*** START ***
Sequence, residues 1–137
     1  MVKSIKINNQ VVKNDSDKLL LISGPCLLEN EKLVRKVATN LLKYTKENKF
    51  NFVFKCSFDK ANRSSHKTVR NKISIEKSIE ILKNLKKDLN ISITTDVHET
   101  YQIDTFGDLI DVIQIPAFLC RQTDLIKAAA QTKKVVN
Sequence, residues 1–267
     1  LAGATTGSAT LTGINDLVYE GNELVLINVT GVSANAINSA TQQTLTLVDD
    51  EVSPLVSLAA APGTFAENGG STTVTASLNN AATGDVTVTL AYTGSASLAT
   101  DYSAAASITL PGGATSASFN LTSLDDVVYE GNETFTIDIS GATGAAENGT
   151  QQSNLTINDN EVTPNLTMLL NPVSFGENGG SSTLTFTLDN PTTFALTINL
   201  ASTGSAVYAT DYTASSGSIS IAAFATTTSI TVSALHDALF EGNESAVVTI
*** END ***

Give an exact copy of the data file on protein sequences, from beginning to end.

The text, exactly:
Sequence, residues 1–137
     1  MVKSIKINNQ VVKNDSDKLL LISGPCLLEN EKLVRKVATN LLKYTKENKF
    51  NFVFKCSFDK ANRSSHKTVR NKISIEKSIE ILKNLKKDLN ISITTDVHET
   101  YQIDTFGDLI DVIQIPAFLC RQTDLIKAAA QTKKVVN
Sequence, residues 1–267
     1  LAGATTGSAT LTGINDLVYE GNELVLINVT GVSANAINSA TQQTLTLVDD
    51  EVSPLVSLAA APGTFAENGG STTVTASLNN AATGDVTVTL AYTGSASLAT
   101  DYSAAASITL PGGATSASFN LTSLDDVVYE GNETFTIDIS GATGAAENGT
   151  QQSNLTINDN EVTPNLTMLL NPVSFGENGG SSTLTFTLDN PTTFALTINL
   201  ASTGSAVYAT DYTASSGSIS IAAFATTTSI TVSALHDALF EGNESAVVTI